1970s: Between 1970 and 1973, Chile tried democratically to create a socialist system under the leadership of Salvadore Allende. Fearing the spread of socialism and communism in Chile and other South American countries, the Chilean military took down the Allende government in 1973. The socialist reforms were reversed and a capitalist dictatorship was established by military coup under the leadership of General Augusto Pinochet. For more than a decade, Chile experienced a period of brutal political repression, economic turbulence and social restrictions. Between 1973 and 1978, nearly 13,000 Chileans fled to Canada to escape persecution and the authoritarian rule of General Pinochet. By 1978, Chilean immigration to Canada represented nearly 2.5 percent of the national total.
1971 – 1975
The Bangladesh Liberation War
Neer Hasim, with his four daughters, wife and mother, refugees from Myanmar en route to Canada (photograph by K. McKinsey, courtesy United Nations High Commissioner for Refugees).
1971: Between 1955 and 1971, a state of conflict existed between the Muslims of West Pakistan and East Pakistan who could not agree on political representation and economic systems. After a series of disputed elections, the Bangladesh Liberation War broke out in 1971 between the two states. West Pakistan troops attempted to suppress East Pakistan by taking control of the cities. When the population resisted, the army carried out a series of massacres and human rights atrocities. While East Pakistan won its independence in 1971, becoming the new state of Bangladesh, many thousands feared persecution and economic instability after the war. At first, only a few hundred Bengalis fled to Canada, but between 1971 and 1986, many hundreds more joined their family members in Canada.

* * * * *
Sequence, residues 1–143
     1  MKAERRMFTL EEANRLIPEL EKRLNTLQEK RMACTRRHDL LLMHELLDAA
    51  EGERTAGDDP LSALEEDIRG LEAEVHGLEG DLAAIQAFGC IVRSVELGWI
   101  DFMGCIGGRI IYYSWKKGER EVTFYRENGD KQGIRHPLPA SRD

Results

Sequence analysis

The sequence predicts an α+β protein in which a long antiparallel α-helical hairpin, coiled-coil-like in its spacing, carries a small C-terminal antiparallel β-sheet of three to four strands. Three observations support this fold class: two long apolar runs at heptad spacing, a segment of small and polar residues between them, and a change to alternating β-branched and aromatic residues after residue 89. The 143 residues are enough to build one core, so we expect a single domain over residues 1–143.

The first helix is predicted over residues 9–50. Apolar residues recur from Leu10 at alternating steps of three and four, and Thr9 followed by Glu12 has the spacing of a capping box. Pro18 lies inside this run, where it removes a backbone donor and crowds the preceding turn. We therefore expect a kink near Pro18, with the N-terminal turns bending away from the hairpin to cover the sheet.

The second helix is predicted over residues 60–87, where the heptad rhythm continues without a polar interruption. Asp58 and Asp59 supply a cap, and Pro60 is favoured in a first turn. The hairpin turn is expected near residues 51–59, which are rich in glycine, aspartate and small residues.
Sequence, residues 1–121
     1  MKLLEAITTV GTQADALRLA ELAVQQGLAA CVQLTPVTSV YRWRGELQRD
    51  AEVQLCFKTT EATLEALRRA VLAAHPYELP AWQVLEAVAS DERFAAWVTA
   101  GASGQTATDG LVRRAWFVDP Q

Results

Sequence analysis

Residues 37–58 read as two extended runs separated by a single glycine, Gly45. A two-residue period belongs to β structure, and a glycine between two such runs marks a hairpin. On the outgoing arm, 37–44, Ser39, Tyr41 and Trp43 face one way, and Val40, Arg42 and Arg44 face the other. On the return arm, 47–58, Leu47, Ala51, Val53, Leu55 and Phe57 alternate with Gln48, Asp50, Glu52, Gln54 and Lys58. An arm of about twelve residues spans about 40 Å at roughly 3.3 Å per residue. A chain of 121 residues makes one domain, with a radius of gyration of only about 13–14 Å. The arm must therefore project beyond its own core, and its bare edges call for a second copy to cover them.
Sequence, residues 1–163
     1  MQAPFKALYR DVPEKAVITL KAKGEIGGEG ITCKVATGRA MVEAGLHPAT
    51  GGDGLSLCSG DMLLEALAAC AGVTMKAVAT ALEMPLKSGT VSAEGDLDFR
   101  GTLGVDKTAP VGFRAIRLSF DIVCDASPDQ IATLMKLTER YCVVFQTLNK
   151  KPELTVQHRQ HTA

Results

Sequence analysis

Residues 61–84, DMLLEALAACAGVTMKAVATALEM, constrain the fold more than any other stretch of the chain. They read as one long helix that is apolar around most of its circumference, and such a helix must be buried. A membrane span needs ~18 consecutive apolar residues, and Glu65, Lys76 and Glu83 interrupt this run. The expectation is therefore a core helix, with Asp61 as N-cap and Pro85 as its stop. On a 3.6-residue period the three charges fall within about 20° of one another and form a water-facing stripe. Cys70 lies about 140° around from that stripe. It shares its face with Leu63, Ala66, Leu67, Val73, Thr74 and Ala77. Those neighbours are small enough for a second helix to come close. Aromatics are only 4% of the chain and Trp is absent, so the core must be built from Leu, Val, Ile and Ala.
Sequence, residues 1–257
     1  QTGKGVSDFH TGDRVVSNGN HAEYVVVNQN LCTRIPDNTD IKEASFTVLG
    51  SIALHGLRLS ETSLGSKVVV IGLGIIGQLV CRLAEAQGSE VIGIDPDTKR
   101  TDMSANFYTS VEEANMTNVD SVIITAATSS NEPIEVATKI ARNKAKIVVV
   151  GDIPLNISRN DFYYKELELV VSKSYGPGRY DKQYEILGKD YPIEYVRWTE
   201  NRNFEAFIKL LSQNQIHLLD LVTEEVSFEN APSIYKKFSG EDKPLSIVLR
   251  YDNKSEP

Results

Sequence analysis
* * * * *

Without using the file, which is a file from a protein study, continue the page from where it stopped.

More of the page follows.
1976 – 1979
The Immigration Act
Volunteers and participants at an event sponsored by Immigrant Settlement &Integration Services in Nova Scotia (courtesy Immigrant Settlement &Integration Services).